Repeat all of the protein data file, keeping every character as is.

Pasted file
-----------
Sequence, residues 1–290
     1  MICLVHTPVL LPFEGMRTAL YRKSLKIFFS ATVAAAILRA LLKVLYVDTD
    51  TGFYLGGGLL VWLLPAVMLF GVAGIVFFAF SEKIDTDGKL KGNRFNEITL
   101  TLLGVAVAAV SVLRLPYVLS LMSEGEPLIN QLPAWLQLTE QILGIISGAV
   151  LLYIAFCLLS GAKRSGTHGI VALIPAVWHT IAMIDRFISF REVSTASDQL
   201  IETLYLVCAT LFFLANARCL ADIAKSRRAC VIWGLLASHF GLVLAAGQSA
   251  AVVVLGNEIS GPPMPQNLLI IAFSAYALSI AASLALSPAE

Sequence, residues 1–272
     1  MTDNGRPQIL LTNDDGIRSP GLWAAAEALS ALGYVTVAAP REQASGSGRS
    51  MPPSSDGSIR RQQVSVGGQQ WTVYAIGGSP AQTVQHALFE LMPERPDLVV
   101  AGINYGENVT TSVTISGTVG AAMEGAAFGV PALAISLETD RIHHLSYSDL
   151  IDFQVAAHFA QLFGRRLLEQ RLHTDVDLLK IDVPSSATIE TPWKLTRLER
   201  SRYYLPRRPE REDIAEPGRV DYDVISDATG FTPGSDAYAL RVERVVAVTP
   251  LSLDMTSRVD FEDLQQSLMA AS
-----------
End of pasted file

Sequence, residues 1–290
     1  MICLVHTPVL LPFEGMRTAL YRKSLKIFFS ATVAAAILRA LLKVLYVDTD
    51  TGFYLGGGLL VWLLPAVMLF GVAGIVFFAF SEKIDTDGKL KGNRFNEITL
   101  TLLGVAVAAV SVLRLPYVLS LMSEGEPLIN QLPAWLQLTE QILGIISGAV
   151  LLYIAFCLLS GAKRSGTHGI VALIPAVWHT IAMIDRFISF REVSTASDQL
   201  IETLYLVCAT LFFLANARCL ADIAKSRRAC VIWGLLASHF GLVLAAGQSA
   251  AVVVLGNEIS GPPMPQNLLI IAFSAYALSI AASLALSPAE

Sequence, residues 1–272
     1  MTDNGRPQIL LTNDDGIRSP GLWAAAEALS ALGYVTVAAP REQASGSGRS
    51  MPPSSDGSIR RQQVSVGGQQ WTVYAIGGSP AQTVQHALFE LMPERPDLVV
   101  AGINYGENVT TSVTISGTVG AAMEGAAFGV PALAISLETD RIHHLSYSDL
   151  IDFQVAAHFA QLFGRRLLEQ RLHTDVDLLK IDVPSSATIE TPWKLTRLER
   201  SRYYLPRRPE REDIAEPGRV DYDVISDATG FTPGSDAYAL RVERVVAVTP
   251  LSLDMTSRVD FEDLQQSLMA AS